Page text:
I Have Some Questions for You: A Novel
“Makkai’s elegant writing carries the reader along. . . . Excellent!”
Rebecca Makkai’s I Have Some Questions for You moves back and forth between 1995 and the present as our narrator tries to solve a 20-year-old murder. This fascinating novel is part murder mystery, part penetrating character study, and part critique of sexual abuse in educational settings.
Makkai’s narrator, Bodie Kane, was an outsider at Granby, an elite New Hampshire prep school. Somewhat numbed by her own tragic family history, Bodie was happy observing from the background—happy to be stage manager of Camelot rather than a performer. Twenty years later, Bodie is a successful producer and creator of blogs. Eager to have a break from her marital difficulties, she returns to Granby to teach a two-week course on blog creation. The minute she returns to campus, she is drawn into an obsession with the murder of Thalia Keith, her Granby roommate, that happened right after that performance of Camelot.
Thalia’s body was found in the indoor swimming pool. Why wasn’t she celebrating with her boyfriend and fellow cast members? More important, who killed her and why? Thalia’s murder has been the subject of much online speculation, but Bodie’s interest wasn’t piqued until she returned to the scene of the crime. Thalia’s death becomes the center of a swirl of memories of Bodie’s life at Granby.
Bodie and her students are reopening a closed case. Omar Evans, the school’s athletic trainer, was convicted of the crime and is in state prison. The police looked no further than this young Black man. After all, there was damning DNA evidence and a coerced confession that Omar later denied. Isn’t it more likely that Thalia was killed by her jealous boyfriend or by the married music teacher with whom she was having an affair? Wasn’t the music teacher’s relationship with this 16-year-old girl a crime to be exposed and punished? Bodie is so obsessed with his guilt that most of her first-person narration is written as if it were a letter to him.
We see Thalia’s murder not only through Bodie’s eyes, but through the memories of students who were there 20 years ago and who, unlike Bodie, have moved on from the event. We also see the murder through the eyes of the new crop of Granby students who come to this past crime with their 21st century attitudes.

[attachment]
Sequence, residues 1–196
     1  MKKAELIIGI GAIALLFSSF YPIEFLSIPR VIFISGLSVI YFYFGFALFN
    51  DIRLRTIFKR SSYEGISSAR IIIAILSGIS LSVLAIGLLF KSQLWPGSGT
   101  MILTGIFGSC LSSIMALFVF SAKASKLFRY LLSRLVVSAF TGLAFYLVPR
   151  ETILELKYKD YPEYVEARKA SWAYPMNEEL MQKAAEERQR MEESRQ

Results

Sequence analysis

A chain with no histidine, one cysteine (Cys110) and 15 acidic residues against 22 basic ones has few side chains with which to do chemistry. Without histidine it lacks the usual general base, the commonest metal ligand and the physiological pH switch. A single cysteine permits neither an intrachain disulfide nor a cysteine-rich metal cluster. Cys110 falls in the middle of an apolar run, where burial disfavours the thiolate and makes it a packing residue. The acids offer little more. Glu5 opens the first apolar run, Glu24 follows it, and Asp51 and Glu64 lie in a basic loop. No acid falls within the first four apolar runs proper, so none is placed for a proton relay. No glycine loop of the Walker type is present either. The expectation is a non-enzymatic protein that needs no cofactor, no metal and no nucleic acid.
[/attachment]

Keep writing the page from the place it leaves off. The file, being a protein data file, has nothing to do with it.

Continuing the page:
At the same time, Bodie is dealing with her feelings about her husband, from whom she is separated, but who lives next door, and about the handsome married Israeli with whom she has been having an affair. Now 40, Bodie’s own life is in a state of transition.
Makkai’s last brilliant novel, The Great Believers, demonstrated her ability to create vivid portraits of large, complex social groups and to analyze the links between past and present. Again, in I Have Some Questions for You, Makkai, depicts a web of social relations, but we also get carefully drawn pictures of the individuals past and present with whom Bodie interacts. Makkai is always interested in the limits of our understanding of the people in our lives. Bodie realizes how little she understood her roommate Thalia Keith or the dynamic music teacher who loomed so large in both Thalia’s and Bodie’s lives. Trying to solve a mystery only leads the detective to more mysteries.
As always, Makkai’s elegant writing carries the reader along. With I Have Some Questions for You, Rebecca Makkai has written another major work of fiction that raises questions about the word community. Excellent!